The Senate will soon be asked to vote on contentious bills to tighten gun controls and reform the country’s electoral systems.
As things stand, these and other measures, strenuously opposed by Republican legislators, are unlikely to become law even though Democrats control the presidency and both chambers of Congress. The reason is the filibuster — the Senate rule that requires 60 votes to end debate and pass a bill.
Democrats have good reason to object to the filibuster, and they’re certainly right to deplore its abuse in recent years. They have a compelling case for changing the rules so that blocking the majority is harder. But scrapping the filibuster altogether, as many Democrats now favor, would be bad for the country — and a mistake they’d almost certainly regret in the not-too-distant future.
The filibuster’s critics say the rule is anti-democratic. That’s true. It’s supposed to be. Although the rule is not part of the Constitution, it’s of long standing, and its purpose reflects the Constitution’s deliberately anti-majoritarian design. The Senate was never intended to be just a second House of Representatives. Its role is to impose deeper deliberation on a system that might otherwise move too hastily, to give great weight to the concerns of the minority, and to create institutional pressure for consensus. But rather than using the filibuster sparingly and responsibly, both parties have deployed it reflexively.
The result — endless gridlock — isn’t better government. It breeds contempt for Washington, and creates a dynamic that, far from encouraging consensus, works against it. When neither party expects to get anything done, promises don’t matter. And why sweat the details of policies that won’t ever be put to the test?
Even so, it’s wrong to conclude that the filibuster should just be scrapped. For one thing, Democrats should be careful what they wish for. In 2013 Senate Majority Leader Harry Reid effectively eliminated the filibuster for executive-branch and judicial appointments — except to the Supreme Court. This made it easier for President Donald Trump to transform the federal judiciary. In 2017 Senate Republicans extended the reform to the Supreme Court, and used it to confirm Trump’s nominees Neil Gorsuch, Brett Kavanaugh and Amy Coney Barrett.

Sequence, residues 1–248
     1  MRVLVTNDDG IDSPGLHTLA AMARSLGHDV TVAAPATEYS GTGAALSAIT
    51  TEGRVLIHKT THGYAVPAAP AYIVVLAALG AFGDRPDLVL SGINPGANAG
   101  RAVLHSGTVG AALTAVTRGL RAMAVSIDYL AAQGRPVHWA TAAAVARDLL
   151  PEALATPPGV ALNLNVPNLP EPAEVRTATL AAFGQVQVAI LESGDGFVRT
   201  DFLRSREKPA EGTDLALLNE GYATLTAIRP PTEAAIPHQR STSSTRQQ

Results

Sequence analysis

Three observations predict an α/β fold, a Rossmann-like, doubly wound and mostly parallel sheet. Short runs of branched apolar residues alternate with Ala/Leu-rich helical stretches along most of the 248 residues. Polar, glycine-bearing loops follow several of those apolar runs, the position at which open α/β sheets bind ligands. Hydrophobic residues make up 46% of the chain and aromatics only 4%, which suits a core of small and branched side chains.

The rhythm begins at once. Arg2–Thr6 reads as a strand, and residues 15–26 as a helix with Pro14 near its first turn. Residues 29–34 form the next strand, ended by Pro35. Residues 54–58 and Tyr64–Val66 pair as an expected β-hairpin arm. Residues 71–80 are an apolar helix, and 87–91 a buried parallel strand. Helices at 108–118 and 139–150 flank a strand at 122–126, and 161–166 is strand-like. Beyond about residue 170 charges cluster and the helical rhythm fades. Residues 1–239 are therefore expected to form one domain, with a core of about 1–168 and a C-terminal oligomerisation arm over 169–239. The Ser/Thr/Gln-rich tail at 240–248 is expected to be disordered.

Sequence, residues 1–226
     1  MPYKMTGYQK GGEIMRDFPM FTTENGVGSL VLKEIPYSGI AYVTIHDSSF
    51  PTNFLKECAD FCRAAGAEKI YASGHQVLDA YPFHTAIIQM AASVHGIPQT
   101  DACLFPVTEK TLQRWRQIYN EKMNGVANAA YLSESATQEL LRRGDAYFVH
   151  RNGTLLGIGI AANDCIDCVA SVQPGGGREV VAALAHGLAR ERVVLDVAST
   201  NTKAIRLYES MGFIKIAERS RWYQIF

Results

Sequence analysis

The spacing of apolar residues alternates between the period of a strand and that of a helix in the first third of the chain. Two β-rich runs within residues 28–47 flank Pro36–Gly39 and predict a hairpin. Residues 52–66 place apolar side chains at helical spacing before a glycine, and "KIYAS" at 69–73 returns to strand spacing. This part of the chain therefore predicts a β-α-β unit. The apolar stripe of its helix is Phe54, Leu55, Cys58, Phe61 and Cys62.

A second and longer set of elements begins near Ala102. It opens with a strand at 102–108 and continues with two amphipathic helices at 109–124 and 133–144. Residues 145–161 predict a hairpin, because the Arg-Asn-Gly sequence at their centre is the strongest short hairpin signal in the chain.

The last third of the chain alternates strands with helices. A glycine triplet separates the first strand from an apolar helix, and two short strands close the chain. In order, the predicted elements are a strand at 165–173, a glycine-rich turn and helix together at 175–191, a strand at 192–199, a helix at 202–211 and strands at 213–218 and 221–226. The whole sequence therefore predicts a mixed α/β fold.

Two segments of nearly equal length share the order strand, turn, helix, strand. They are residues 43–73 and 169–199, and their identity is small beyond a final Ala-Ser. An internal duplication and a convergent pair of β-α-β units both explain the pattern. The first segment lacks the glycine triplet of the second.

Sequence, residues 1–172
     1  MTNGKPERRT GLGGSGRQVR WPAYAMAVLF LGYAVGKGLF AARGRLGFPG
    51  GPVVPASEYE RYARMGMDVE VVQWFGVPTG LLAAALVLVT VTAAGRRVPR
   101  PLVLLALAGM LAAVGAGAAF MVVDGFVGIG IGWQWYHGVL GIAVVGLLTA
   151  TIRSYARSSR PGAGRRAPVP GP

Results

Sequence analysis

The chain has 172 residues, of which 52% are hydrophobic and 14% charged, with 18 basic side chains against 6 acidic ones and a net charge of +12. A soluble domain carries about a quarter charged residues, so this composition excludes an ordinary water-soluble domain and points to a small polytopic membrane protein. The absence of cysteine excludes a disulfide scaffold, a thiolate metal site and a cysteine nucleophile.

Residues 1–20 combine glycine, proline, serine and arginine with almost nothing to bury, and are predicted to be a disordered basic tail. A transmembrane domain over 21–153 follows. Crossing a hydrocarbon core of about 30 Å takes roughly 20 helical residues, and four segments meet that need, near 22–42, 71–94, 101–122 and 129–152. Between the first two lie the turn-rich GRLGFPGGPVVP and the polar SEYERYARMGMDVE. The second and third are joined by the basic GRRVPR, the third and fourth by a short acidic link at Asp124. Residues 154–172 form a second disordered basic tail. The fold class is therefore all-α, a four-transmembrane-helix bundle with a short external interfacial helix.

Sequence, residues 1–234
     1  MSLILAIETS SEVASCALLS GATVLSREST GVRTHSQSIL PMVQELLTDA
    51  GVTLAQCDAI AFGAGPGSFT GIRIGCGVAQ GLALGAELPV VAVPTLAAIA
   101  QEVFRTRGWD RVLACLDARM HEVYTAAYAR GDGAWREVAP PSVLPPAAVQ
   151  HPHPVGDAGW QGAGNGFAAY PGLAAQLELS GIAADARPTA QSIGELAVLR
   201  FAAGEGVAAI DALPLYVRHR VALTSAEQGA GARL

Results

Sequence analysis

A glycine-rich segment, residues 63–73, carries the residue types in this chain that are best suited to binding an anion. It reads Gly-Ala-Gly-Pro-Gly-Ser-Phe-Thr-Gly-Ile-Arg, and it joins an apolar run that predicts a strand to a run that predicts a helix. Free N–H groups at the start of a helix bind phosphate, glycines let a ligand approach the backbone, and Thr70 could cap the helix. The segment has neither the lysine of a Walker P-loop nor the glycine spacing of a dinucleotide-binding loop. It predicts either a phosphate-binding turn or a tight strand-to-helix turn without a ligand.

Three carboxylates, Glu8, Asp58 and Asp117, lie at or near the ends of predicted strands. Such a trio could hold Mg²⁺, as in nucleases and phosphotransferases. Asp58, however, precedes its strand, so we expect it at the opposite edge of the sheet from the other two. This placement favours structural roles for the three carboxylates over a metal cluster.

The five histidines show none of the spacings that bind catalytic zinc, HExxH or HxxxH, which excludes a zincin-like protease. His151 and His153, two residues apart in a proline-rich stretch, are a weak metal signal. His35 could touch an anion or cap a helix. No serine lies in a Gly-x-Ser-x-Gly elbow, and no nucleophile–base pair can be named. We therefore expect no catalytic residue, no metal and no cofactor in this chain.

In 2021, many Democrats again seem to believe that they’ll retain their Senate majority forever. History says different, and more is at stake than temporary partisan advantage. As polarization worsens and the political center shrinks, Democrats and Republicans alike should imagine the consequences for the country of successive unchecked majorities — pushing without compromise first in one direction, then the other. It’s a formula for economic failure, volatile social policy and mounting popular rage. Scrapping the filibuster would bring this fate closer.
Far better to fix the filibuster than abolish it. The rules are complicated and could be adjusted in many ways — but it’s clear what the focus of such changes should be. The filibuster should be a lot harder to deploy — and should make senators think long and hard before attempting to do so.
Under the current rules, the minority can block legislation at many different points and at no cost to itself. Its members don’t even need to be present — nor to utter a word in opposition. The filibuster, which was intended to allow for greater public consideration of an issue, has instead become a device for preempting it.
If a large minority of senators believe so strongly that a bill should not pass, they should be able to organize themselves and take to the floor — and hold it, allowing the public to see that they are blocking all other business. If public sentiment turns against them, or if they can win concessions, they will find it increasingly hard to hold their coalition together. That is how the 1964 Civil Rights Act passed, after a 60-day filibuster.
Rather that simply restoring the filibuster of old, the Senate should improve it. Well worth considering is the proposal that instead of requiring 60 votes to bring debate to an end, the Senate should require 40 votes to extend debate further, which puts the burden on the minority to be present in the chamber. The blocking threshold could be changed, too — to 55 votes, say, to stop debate.
Scrapping the filibuster altogether is a more dangerous step than most Democrats realize — a risky short-term gambit that would be replete with unintended long-term consequences. But mending the rules is both necessary and feasible. It isn’t too late for the Senate to rediscover its purpose as an agent of compromise in the national interest — and repairing the filibuster is the perfect place to start.